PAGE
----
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Lock and load


Credit: Brad Gregg

Inhofe’s theory is this: You haven’t been able to buy ammunition for all your guns lately because Uncle Sam is beating you to it.

“I don’t know how [Homeland Security Secretary Janet Napolitano] or anyone else can deny this is going on, all you have to do is go to any of the places in Oklahoma out where I am,” Inhofe told a radio audience last month. “I went down to Texas, I tried places down there — no one has any ammo. It’s supply and demand, they’ve taken it all up.”

Last month, Inhofe and U.S. Rep. Frank Lucas, R-Cheyenne, introduced the Ammunition Management for More Obtainability — or AMMO, in case you didn’t notice — Act, which would limit the amount of ammunition that the government is allowed to buy and store, thus preventing stockpiling.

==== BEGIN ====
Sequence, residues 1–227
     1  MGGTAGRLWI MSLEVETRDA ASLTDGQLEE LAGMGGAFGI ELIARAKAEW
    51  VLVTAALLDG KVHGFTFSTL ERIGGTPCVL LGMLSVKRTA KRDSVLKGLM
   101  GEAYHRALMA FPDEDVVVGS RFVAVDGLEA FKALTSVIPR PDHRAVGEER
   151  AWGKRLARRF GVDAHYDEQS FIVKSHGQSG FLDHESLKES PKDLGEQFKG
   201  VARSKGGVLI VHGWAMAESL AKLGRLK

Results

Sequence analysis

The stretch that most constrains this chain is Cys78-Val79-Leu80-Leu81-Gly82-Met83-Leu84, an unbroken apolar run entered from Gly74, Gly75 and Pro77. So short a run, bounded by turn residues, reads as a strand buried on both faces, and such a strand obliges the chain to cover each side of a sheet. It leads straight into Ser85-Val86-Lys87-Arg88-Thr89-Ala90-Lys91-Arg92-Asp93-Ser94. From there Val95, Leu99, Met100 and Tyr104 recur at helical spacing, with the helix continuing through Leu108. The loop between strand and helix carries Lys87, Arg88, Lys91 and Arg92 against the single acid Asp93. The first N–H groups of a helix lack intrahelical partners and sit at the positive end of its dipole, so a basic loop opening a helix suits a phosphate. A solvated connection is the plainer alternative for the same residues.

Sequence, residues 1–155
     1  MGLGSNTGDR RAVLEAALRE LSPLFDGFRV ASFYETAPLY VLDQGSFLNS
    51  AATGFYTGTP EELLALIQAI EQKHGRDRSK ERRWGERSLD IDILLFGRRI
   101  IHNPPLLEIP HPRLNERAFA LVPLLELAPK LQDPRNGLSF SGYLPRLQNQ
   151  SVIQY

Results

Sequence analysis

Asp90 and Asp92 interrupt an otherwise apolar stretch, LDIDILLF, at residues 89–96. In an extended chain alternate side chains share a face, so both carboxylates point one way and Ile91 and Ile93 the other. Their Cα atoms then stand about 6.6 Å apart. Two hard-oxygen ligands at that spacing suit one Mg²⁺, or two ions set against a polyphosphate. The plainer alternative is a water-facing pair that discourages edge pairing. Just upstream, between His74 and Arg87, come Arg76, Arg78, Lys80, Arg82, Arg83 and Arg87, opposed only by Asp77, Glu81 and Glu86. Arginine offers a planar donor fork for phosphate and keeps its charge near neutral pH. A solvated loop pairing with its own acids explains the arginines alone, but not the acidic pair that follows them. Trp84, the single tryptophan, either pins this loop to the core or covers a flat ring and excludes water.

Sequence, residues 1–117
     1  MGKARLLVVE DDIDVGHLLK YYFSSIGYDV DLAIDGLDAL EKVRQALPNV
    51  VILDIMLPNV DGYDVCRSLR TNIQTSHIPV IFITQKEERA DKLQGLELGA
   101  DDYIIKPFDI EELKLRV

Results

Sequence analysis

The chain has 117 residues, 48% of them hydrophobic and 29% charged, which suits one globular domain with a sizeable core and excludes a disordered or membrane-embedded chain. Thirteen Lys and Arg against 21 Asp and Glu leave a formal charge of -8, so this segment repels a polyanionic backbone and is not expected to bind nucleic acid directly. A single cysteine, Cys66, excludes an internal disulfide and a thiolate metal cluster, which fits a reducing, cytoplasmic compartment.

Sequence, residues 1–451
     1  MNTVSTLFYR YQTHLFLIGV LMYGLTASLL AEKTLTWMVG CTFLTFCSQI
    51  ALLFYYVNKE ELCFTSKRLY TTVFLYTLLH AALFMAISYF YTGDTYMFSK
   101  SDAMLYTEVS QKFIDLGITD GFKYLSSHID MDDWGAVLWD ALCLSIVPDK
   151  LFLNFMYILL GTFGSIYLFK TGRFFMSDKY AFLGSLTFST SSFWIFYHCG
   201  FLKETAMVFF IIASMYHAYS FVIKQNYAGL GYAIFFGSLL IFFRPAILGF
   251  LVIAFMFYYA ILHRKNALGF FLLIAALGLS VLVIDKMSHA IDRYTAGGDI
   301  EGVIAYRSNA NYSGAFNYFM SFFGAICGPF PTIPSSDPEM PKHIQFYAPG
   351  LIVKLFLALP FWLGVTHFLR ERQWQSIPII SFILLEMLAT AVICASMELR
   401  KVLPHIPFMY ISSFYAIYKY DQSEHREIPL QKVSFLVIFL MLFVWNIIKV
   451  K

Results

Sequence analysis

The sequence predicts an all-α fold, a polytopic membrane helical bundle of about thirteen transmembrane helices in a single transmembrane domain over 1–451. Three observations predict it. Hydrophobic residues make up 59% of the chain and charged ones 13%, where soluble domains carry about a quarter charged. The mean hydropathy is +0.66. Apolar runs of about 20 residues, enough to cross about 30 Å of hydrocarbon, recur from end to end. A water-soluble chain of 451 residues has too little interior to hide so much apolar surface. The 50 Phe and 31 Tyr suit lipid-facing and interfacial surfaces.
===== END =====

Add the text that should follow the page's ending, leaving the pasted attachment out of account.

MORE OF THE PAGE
Not everyone buys Inhofe’s
conspiracy theory. Even America’s biggest gun fans, the National Rifle
Association, issued a statement last August saying that claims of
government-stockpiling were false.

The Huffington Post posited a possible alternative reason for the shortages:

potential pressure on gun and ammunition supplies may be Americans’
reactions to the re-election of President Barack Obama and the Sandy
Hook shootings. In the wake of these events, firearm and ammunition
sales spiked nationwide.”

Maybe that’s it. Perhaps that would have occurred to Inhofe and Lucas
if they hadn’t been so busy trying to make sure their legislation had
such a totally kick-ass acronym.

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